When the Green Bay Packers lace the cleats on Saturday to kick off the exhibition slate, a long 202 days will have passed since they were last seen walking off the field in the NFC Championship Game.
While many of the notable names will run back through the tunnel to face the Houston Texans, there will also be plenty of fresh faces getting ready for their first live game action with the Packers. Although eyes will surely be locked on Jordan Love as he gets his first quarterback snaps as a professional, it will also be the first chance for the 2021 rookie class to make an impression, especially for the center snapping to Love: Josh Myers.
Today’s musings focus on a handful of those first-year players, outside of Myers, trying to start off their careers on a positive note.
By and large, the Packers have not had a lot of success with the development of their second- and third-day defensive line picks over the past few years. In his third season, Kingsley Keke will be one of those specific players to watch in his own right as preseason rolls along after returning to practice this week. However, Green Bay is counting on fifth-round pick TJ Slaton to be a rotational piece this fall.
One of the rarer nose tackle draft picks by the Packers, Slaton has a real opportunity to earn snaps in the middle of the defense and engage blockers enough to free up more pass-rushing chances for Kenny Clark. A massive 330-pound man, Slaton has some unique athletic traits to go with that frame. Despite inconsistencies during his college career, Slaton is still learning the position after seeing primary action on the offensive line prior to arriving at Florida, and reports from practice this past week have noted improvement with his hand technique.
The Packers do not need Slaton to become an All-Pro in year one, but showing the ability to be stout against the run and remain healthy would already help the rookie to become a better version of Montravius Adams. While it is just game one of the preseason, Slaton should receive plenty of snaps as part of the first-team defense - with Kenny Clark nursing an injury - to provide a glimpse of how ready he can be for early-season rotational snaps.
In brief moments, Family Night offered a chance to imagine Rodgers being used creatively in certain offensive packages, and with plays designed to get him the ball in space. Saturday’s game should be an opportunity for the second-round pick to receive extended playing time with more of the same. It is realistic to believe Randall Cobb’s snaps will be reduced in game one, opening the door for Rodgers to line up in the slot frequently. His route-running ability may be worth watching just as much as the formations he is a part of.
While Rodgers’ offensive potential is intriguing, so is his special teams potential - something that could not be measured during the Family Night practice periods. The early depth chart suggests Rodgers will handle starting punt return duties, while being listed second on kick returns. Could Rodgers have one of those special returns, like a rookie-season Cobb, that suggests immediate improvement in that crucial area?
The team’s other Rodgers will be one of the more interesting prospects to watch during the entirety of the preseason schedule.
Speaking of return ability, the rookie seventh-rounder Hill projects as the team’s top kick returner heading into game one. Considering Hill’s lack of experience in this area in college, his positioning on that particular role was a relative surprise but makes sense considering some of Hill’s explosion as a running back when he finds a crease. Couple that with a blend of speed, power, and pass-catching ability and perhaps Hill could be a good fit for the kick return role.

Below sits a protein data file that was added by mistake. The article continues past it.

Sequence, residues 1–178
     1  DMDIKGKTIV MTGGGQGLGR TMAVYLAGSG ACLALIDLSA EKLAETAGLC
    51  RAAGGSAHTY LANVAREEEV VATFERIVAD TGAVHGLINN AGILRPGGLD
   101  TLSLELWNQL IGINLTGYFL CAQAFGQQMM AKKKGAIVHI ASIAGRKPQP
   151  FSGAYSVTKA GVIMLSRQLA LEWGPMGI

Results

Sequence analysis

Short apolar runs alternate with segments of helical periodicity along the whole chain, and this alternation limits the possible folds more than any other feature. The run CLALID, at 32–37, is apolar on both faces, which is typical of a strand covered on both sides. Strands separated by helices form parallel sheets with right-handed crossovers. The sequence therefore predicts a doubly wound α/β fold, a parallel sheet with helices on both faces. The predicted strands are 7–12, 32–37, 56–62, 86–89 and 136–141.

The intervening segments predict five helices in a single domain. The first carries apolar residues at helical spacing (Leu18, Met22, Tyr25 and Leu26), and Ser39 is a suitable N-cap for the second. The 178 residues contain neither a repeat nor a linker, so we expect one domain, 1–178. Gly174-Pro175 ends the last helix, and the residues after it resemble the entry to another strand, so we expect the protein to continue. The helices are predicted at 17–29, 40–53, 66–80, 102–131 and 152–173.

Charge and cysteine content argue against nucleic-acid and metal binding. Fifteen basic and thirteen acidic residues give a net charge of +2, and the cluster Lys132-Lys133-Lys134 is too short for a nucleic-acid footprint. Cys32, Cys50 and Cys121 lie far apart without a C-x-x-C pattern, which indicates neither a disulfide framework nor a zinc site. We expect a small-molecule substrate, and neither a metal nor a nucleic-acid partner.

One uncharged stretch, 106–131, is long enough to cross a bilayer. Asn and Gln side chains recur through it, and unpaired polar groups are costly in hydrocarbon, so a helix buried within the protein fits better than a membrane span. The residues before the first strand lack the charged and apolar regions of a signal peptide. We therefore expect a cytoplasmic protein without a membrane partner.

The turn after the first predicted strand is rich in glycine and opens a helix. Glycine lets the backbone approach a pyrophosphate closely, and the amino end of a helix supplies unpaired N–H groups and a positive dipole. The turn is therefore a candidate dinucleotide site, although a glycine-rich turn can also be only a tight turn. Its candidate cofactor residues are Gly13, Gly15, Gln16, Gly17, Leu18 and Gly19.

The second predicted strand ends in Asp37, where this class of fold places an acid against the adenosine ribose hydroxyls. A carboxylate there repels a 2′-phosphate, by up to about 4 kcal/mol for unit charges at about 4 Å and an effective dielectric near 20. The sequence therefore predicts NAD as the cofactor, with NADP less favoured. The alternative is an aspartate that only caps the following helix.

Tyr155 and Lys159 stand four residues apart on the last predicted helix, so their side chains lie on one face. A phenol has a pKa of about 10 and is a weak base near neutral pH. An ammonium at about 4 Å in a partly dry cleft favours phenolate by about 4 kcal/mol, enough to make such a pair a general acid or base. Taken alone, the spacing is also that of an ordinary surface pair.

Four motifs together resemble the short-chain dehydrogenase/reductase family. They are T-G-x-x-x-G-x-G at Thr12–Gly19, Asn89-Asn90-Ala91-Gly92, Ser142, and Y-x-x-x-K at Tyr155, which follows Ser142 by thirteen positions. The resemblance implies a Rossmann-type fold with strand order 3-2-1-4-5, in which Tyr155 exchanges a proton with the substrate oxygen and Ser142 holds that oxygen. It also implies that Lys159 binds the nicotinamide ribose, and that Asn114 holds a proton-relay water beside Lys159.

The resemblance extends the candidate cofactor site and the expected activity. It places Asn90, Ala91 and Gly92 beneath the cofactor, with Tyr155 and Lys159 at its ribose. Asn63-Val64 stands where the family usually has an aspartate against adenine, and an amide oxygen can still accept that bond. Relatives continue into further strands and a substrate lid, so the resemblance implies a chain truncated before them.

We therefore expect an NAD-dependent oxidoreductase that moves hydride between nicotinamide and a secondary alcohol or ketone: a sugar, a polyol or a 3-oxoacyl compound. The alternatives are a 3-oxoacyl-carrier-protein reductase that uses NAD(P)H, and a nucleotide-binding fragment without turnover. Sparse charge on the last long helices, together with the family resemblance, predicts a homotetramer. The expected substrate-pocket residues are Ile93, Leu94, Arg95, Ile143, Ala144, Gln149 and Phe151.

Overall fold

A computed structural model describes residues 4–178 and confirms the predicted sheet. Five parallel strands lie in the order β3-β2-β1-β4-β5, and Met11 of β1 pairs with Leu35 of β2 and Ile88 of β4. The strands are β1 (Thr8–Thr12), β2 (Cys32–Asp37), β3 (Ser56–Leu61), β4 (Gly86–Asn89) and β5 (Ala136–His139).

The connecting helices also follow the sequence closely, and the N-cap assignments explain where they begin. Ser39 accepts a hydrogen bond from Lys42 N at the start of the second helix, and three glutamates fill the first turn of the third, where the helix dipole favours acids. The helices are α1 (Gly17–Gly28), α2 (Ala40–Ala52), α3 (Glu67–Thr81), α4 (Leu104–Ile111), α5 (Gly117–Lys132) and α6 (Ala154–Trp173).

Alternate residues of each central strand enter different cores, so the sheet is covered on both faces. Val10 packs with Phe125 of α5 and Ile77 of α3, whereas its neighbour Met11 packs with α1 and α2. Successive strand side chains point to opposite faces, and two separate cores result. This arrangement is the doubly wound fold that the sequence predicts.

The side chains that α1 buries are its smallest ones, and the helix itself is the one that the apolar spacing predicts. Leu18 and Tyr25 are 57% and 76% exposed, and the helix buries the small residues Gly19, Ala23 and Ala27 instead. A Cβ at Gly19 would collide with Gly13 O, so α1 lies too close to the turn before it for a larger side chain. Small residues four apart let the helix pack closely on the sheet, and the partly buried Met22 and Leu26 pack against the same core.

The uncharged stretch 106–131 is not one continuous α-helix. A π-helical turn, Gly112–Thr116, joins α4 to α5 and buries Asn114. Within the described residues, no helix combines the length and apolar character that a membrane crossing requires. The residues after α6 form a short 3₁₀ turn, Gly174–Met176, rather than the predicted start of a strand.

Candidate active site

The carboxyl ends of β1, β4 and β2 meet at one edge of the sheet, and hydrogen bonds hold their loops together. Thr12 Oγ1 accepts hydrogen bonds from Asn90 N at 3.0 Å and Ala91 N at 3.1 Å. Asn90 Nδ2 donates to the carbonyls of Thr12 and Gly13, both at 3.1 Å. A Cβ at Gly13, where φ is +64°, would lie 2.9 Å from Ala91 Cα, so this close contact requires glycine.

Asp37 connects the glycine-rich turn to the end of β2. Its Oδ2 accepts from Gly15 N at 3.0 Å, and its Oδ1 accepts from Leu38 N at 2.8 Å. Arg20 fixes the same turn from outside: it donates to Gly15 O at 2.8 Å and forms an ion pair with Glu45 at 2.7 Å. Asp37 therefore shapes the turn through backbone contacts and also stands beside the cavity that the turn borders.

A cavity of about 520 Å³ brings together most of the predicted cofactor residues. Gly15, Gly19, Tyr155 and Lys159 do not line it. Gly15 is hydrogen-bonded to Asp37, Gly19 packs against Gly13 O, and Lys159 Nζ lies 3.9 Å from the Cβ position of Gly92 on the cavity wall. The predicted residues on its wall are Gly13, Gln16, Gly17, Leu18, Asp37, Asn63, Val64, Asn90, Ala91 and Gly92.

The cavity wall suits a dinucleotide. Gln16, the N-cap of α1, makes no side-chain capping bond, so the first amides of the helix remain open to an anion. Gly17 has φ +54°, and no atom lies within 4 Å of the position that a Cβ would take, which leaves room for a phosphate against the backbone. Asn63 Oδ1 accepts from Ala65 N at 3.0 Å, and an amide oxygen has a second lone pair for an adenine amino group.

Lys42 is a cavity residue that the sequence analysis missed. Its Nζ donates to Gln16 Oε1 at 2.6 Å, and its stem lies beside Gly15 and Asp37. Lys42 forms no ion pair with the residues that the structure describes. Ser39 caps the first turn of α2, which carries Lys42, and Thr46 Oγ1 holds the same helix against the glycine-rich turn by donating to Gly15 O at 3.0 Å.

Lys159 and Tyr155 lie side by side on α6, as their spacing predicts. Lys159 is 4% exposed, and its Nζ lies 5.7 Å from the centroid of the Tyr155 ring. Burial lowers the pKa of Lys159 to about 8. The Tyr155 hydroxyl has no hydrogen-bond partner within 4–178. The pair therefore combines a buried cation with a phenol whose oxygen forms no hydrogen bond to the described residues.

That skillet, of course, is also a big part of the Mississippi State product’s primary role in the backfield. Hill has shown a little bit of everything so far in camp and took some first-team reps in place of an injured Aaron Jones as well, revealing his current standing among a younger and inexperienced stable of backup running backs. Hill’s pass-catching could eventually make him a well-rounded third-down back if his pass-blocking develops, and his physicality and willingness to take on contact is a respected trait for a third running back on an NFL roster.
The Packers will certainly be assessing their host of internal running back options throughout the exhibition, and Hill will have a real opportunity right away as the Packers monitor Jones’ snaps.
With Kevin King first returning to practice yesterday, Stokes should expect to see a heavy dosage of playing time on Saturday. Stokes has taken a significant number of snaps on the outside during practice and taken his share of lumps in coverage against Davante Adams (like many rookie corners would). Against Houston, it will be the first chance to see Stokes line up across non-Packers receivers and see how he stacks up.
Stokes has had a tendency thus far to rely on his exceptional speed and athleticism to cover up for his immaturity in technique. The first game of preseason should not be a cause for concern if a player like Stokes struggles. However, like Slaton above, Stokes’ performance could be an indicator of his readiness for meaningful defensive snaps once the regular season begins. Will he get beat deep? How much space will a veteran opponent create against Stokes after winning a short-to-intermediate route? Will the rookie get his first penalty?
Growth from one game to the next for Stokes will be something to specifically keep tabs on during the three-game preseason.